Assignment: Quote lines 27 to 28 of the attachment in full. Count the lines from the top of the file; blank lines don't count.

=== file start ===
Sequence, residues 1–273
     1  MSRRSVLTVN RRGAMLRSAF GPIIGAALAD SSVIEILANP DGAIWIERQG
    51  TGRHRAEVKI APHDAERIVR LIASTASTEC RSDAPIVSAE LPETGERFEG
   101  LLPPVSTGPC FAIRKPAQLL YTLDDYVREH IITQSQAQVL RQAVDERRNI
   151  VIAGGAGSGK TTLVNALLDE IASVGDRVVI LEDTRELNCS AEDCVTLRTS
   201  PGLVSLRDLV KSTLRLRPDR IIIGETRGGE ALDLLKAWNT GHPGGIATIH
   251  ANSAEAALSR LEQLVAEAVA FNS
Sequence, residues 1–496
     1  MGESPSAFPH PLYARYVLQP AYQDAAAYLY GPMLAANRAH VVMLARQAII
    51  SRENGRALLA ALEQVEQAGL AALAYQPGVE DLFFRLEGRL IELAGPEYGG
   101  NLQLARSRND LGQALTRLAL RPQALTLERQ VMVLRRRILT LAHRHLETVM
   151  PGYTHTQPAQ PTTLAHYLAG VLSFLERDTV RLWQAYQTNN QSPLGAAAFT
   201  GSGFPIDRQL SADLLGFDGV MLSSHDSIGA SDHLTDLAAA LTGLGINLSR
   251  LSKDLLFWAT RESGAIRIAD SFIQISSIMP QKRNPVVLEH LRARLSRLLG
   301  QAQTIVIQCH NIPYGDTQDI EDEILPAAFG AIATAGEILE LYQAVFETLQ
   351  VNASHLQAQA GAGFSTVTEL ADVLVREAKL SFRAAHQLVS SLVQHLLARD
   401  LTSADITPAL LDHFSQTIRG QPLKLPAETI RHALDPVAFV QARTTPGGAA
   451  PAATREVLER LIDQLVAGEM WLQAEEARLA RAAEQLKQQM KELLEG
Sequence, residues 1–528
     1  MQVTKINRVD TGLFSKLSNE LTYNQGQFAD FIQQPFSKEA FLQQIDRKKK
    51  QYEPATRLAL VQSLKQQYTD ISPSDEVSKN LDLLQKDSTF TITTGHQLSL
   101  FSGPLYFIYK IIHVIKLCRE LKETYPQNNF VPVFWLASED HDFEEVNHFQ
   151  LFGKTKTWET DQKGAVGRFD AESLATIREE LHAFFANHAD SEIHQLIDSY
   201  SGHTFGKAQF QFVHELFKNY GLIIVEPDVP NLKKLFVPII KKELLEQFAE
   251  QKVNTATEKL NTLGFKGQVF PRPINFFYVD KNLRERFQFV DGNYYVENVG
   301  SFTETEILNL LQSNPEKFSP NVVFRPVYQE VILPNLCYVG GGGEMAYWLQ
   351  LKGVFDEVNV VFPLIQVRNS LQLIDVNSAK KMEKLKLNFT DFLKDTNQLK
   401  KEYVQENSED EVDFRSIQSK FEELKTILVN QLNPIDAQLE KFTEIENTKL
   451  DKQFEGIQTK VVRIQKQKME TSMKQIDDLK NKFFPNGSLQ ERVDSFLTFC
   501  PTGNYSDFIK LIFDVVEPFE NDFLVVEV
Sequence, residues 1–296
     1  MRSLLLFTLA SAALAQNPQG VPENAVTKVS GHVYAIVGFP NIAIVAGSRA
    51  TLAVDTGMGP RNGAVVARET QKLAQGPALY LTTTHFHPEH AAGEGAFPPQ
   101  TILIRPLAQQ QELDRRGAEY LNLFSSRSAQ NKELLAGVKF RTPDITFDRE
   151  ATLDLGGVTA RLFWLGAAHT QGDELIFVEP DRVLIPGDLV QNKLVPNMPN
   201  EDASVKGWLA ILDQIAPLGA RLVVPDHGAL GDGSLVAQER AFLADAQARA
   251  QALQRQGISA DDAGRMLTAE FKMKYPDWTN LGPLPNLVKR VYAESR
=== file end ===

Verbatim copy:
   351  LKGVFDEVNV VFPLIQVRNS LQLIDVNSAK KMEKLKLNFT DFLKDTNQLK
   401  KEYVQENSED EVDFRSIQSK FEELKTILVN QLNPIDAQLE KFTEIENTKL